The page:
The movie was based on genuine places and faces from actual historic Route 66 that are worth adding to the bucket list.
Everyone is familiar with the Disney Pixar movie Cars, a favorite among children and adults alike. The film had us fall in love with the characters that lived in the town of Radiator Springs. I mean, who wouldn't want to hang out with Tow Mater or Filmore?
What some might not know is that the whole movie is actually based on real locations and people along iconic and historic Route 66. Check out these real-life locations and people that inspired the movie and see if you can recognize any of them. If not, it's time to add them to your bucket list.
Cadillac Range / Cadillac Ranch
One of the most iconic places found in the movie is called "Cadillac Range" which mimics one of the most recognizable real-life stops we all know as Cadillac Ranch. One traveling on I-40 just outside of Amarillo, Texas, may notice an open field with ten vintage Cadillacs with their noses buried in the ground and the bodies sticking out in a long row.
Cadillac Ranch was an interact art project installation where visitors can take spray paint and tag the cars in graffiti. The layers of the spray paint on the cars are thick as the landmark has been in place for quite some time.
Cozy Cone / Wigwam Motels
The "Cozy Cone" in the movie is a motel with rooms shaped like traffic cones. This wasn't completely made up as it was inspired by the two Wigwam Motels found on Route 66, with motel rooms shaped like teepees. At one point, there were seven of these fun motels, but currently only 3 exist with two of them on Route 66.
If you are traveling east to west, the first Wigwam Motel can be found in Holbrook, Arizona, and features classic cars and, of course, bright neon green sign. The motel can be just a tourist stop to take some memorable photos or one can still check in and rest for the night. The second Wigwam Motel can be found in San Bernardino, California, and also is surrounded by classic vehicles.
The name Cozy Cone may not just be a cute name, but may hint to the Cozy Dog in Springfield, Illinois. Why? Well, the Cozy Dog's founder, Ed Waldmire, is said to have invented the corn dog. Also, his son, Bob Waldmire, is a legend on epic Route 66.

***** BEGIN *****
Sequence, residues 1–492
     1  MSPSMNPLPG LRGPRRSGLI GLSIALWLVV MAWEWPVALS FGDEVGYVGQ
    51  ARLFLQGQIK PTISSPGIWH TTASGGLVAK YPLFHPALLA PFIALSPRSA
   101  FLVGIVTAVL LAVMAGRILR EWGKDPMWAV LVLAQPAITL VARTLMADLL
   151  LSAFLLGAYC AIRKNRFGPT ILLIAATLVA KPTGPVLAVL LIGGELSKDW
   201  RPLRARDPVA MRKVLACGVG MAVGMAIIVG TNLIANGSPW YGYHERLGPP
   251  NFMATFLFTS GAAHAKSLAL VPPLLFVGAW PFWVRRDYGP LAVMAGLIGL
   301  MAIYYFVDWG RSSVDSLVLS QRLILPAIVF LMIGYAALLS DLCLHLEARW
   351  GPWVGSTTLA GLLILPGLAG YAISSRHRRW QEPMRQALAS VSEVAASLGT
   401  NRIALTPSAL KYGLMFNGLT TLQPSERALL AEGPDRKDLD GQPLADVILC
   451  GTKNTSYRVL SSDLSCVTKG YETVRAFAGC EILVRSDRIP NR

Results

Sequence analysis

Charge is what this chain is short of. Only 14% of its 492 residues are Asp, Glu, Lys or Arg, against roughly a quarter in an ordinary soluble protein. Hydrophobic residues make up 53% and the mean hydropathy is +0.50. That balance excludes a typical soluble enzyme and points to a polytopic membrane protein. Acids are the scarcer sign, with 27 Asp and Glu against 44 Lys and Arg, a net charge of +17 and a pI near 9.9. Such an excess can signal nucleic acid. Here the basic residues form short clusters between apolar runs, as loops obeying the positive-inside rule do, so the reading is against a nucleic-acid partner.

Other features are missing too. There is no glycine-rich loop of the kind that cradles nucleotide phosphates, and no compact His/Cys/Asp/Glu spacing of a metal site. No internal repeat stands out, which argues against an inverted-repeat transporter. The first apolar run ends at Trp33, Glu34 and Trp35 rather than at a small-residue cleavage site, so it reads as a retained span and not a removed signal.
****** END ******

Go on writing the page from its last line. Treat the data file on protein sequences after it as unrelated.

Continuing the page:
Ramone’s / U-Drop Inn
Another spot that obviously was inspired by a real-life location is Tower Cocono which is modeled after the U-Drop Inn in Shamrock, Texas. U-Drop is known for visits from Elvis Presley himself. The U-Drop was once abandoned but has since been restored and features a gift shop that even has a Cars section with likely has the perfect gift for any child or grandchild.
Lizzie’s / Hackberry General Store
One place on the legendary route still has that old-school feel, and that would be the Hackberry General Store. In the movie, Lizzie's Curio Shop resembles the old shop found in Arizona surrounded by old cars that are falling apart among the red rock hills. Mentioned earlier was Bob Waldmire who owned the store for awhile.
Wheel Well / Wagon Wheel Motel
In the movie, Lightning McQueen and Sally (Holy Por-sha!) go for a drive. They end up at the Wheel Well motel that has seen better days, but the duo restored the motel back to tip-top shape by the end of the film. This is similar to the Wagon Wheel Motel located in Cuba, Missouri, that was built in the 1930s. Back in 2009, the motel was bought and brought back to life by Connie Echols. This is also another place that is perfect for memorable photos, to purchase that perfect gift, and for an overnight stay.
'Here It Is' Sign / Jack Rabbit Trading Post
In the movie there is a big yellow sign that can't be missed. It displays the saying "Here it is". This little detail isn't made up, as it resembles a sign in Joseph City, Arizona, for the Jack Rabbit Trading Post. This sign stays fresh thanks to new paint every so often, and it is another hot spot for photos. It also is a great place to pick up that perfect gift for a loved one.
“Radiator Springs” / Seligman, AZ
Is Radiator Springs inspired by a real town? When creating the fictional town, producer Lasseter modeled it after Seligman, Arizona. The name can arguably be linked to Peach Springs or Baxter Springs, Kansas.
A barber in Seligman, Angel Delgadillo, was interviewed by the production crew for hours as he knew the entire history of the town and Route 66. Sure, the town could be based on many towns along the historic road, but Angel's stories make Seligman the most realistic Radiator Springs, and because of this more people are visiting the town. If you do make the stop here, make sure to visit Angel & VIlma Delgadillo's Original Route 66 Gift Shop.
Flo / Fran Houser
The halfway point on Route 66 is the Sunflower Station, a gift and antique shop in Adrian, Texas. Fran Houser and her dog run the place, and she even used to run the cafe next door when the Cars crew popped in for a surprise visit. This little spot inspired Flo's V-8 Cafe in the movie, and Fran is the basis behind Flo.
Filmore / Bob Waldmire
One of the funniest characters in the movie is the Volkswagen Microbus known as Filmore. His character is based on Bob Waldmire, a legend on Route 66, who painted murals along the route while traveling in his VW bus before making the switch to a motorhome. His paintings can also be found on postcards and prints along the way. Unfortunately, Bob passed away a few years ago, but his art can still be found everywhere. Even more, his VW bus and motorhome can both be found in Pontiac, Illinois, at the Route 66 Hall of Fame and Museum.
Sheriff / Michael Wallis
One of the most familiar with Route 66 would be Michael Wallis. He wrote plenty of books on the legendary road and became the tour guide for Pixar. While his knowledge was vast, his deep voice nabbed him the role as Sheriff in the film.
Source: 2 Lane America